Pineapples, oceans & refrigerated containers


Shipping containers

At first you might be wondering what these three things have in common, but the answer is rather obvious. Pineapples will only grow successfully in certain geographical areas. For the rest of us, living in less exotic parts of the world, they become accessible because they are shipped around the world on great big ships, crossing the oceans. All the while, pineapples (and other tropical fruits, naturally) are stored in refrigerated containers. To make sure the produce stays fresh all the way to its final destination, the containers must be sealed really well. Which is where the Teroson branded sealant, Teroson MS 930 comes in.

One of the things that can change the properties of the seal and eventually cause failure of the product used is UV radiation. And there’s plenty of that on ships crossing oceans for weeks at a time. That’s why it’s extremely important that the sealant used is resistant enough to UV radiation to keep its full properties for the duration of the trip. Otherwise the beloved tropical delicacies might reach us looking rather less than appetising.

How can a little piece of rubber save the day


As the info in the sidebar says, I’m Sebastian Horstmann. Ever since I was given a project involving adhesives during my university studies, I became fascinated by adhesives and the power of joining two substrates by what is basically a combination of physical and chemical reaction. I know – does it get more nerdy than that? Well, nerdy or not, one thing led to another and starting from that project, through my PHD thesis, adhesives in engineering became my career choice.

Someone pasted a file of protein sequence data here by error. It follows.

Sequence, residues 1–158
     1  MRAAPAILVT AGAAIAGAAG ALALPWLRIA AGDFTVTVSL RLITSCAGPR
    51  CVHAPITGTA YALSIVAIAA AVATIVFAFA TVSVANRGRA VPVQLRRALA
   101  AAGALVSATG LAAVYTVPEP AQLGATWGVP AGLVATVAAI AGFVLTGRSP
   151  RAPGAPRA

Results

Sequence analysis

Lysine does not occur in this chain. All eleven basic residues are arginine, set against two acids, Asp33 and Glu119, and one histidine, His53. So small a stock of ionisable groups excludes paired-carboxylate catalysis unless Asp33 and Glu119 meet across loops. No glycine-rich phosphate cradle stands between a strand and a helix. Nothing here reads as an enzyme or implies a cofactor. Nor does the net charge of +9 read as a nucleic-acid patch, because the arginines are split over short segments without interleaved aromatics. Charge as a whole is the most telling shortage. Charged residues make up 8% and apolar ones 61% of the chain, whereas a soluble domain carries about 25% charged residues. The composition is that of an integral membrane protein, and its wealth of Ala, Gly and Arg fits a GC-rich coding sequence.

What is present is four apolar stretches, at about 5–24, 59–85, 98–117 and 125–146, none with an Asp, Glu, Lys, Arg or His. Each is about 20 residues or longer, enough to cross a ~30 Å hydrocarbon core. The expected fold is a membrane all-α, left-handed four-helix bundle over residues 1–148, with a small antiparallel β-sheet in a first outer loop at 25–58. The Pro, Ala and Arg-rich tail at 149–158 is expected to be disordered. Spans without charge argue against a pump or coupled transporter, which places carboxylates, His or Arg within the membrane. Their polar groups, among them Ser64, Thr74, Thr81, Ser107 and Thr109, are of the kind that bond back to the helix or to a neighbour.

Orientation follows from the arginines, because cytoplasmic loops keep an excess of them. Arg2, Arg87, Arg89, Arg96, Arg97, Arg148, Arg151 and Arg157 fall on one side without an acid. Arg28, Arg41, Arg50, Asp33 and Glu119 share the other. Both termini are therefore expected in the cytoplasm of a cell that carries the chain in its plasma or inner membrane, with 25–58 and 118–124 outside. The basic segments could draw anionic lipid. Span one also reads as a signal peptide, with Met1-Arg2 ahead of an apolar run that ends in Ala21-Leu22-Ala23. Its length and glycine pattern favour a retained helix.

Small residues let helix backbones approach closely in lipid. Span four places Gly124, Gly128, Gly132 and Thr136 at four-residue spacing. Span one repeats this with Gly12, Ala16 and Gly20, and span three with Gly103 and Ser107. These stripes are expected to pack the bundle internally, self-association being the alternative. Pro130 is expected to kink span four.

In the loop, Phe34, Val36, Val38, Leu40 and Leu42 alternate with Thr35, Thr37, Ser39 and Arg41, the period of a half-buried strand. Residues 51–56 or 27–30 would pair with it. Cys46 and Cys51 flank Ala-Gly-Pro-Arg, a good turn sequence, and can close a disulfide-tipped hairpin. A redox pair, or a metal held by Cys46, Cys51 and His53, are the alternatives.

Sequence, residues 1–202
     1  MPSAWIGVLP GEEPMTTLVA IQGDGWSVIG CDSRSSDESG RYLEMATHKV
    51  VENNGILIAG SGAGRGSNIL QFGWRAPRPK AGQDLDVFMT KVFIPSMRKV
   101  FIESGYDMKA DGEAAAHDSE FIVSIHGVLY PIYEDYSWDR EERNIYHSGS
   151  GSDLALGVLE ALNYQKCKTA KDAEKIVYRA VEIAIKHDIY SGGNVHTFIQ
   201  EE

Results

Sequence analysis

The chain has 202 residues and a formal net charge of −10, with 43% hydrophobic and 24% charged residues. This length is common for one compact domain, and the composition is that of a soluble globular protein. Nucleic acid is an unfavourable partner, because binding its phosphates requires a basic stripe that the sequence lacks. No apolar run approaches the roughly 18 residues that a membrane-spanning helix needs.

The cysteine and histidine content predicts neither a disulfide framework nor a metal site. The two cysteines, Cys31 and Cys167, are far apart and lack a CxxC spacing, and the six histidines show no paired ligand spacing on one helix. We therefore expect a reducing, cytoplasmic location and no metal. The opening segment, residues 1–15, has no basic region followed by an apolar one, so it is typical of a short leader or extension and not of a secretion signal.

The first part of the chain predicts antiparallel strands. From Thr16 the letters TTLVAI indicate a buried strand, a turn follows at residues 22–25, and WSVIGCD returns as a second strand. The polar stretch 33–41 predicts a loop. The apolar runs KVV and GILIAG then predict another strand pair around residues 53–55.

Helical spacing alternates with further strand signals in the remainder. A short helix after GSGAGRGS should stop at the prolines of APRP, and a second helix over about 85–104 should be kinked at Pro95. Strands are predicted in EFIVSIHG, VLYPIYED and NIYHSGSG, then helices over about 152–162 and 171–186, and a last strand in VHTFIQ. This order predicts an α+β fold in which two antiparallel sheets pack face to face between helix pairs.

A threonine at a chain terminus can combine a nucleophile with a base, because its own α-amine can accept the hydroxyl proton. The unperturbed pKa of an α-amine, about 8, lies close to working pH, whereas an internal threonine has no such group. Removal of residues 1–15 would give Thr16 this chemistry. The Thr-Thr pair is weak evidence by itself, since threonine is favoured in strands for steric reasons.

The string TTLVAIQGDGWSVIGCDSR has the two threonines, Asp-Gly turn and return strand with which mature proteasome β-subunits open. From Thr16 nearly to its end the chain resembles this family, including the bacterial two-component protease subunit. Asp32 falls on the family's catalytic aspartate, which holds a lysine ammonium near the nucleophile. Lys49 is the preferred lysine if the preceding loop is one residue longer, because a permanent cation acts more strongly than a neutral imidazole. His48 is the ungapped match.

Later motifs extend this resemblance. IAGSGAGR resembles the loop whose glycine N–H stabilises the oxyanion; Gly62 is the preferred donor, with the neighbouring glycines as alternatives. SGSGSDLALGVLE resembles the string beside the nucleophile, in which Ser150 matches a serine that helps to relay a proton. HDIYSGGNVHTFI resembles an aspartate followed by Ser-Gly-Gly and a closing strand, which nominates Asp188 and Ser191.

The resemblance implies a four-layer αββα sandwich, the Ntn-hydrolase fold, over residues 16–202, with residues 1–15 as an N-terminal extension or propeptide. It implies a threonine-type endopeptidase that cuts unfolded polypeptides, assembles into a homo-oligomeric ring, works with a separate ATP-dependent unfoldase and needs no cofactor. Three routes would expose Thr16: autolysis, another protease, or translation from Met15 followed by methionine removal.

Strangely enough, as much as the modern engineering has developed and changed since its early days, some methods remain very traditional. Bonding as a joining method appears to still be a kind of a novelty, which really shouldn’t be the case. Human kind has used adhesive since ages. Well known is bonding of arrows for hunting back in Stone Age Times as an example. And there are many more. On the other hand, it isn’t really surprising, given the fact how little young engineers find out about bonding through regular educational channels. Over the years of supporting engineers in a number of different industries, I encountered some of the same questions numerous times which made me want to share the solutions (which are sometimes surprisingly simple) in this online format.

Testimony to the simplicity of some of the solutions are o-rings. They are basically simple, modest rubber profiles. But, if one of these plain little things fails, it can cause a lot of trouble. O-rings are very commonly used rubber seals that appear on pumps, valves, hydraulic cylinders… Malfunctioning of o-ring seals can cause leakage of fluids which were supposed to stay within closed systems. That may mean shutting down of production processes, but also present health and safety hazard, depending on the type of liquid that’s leaking out. Standard o-rings come in predefined sizes, which means that you need to keep stock of different sizes for maintenance of your machinery. However, using Loctite 406 instant adhesive and round rubber profiles, you can at any time create any size of an o-ring you require. Simple. Nothing to it. And yet, when it solves a leakage and prevents a major repair on a Friday afternoon, comes as a lifesaver, at least as far as your weekend is concerned. You can check out how to work with it in this short video:

Loctite o-ring application video

Loctite  406

Loctite 406 Bonding of a rubber o-ring

In my next posts I’ll talk about similar simple solutions to engineering problems. Solutions that are so simple they should be obvious, like securing your threaded fastners to prevent vibration loosening, sealing your threaded joints and much more. Also, I’m happy to answer any questions or exchange comments with you, so go ahead and talk to me through the comments section. Your thoughts will be appreciated.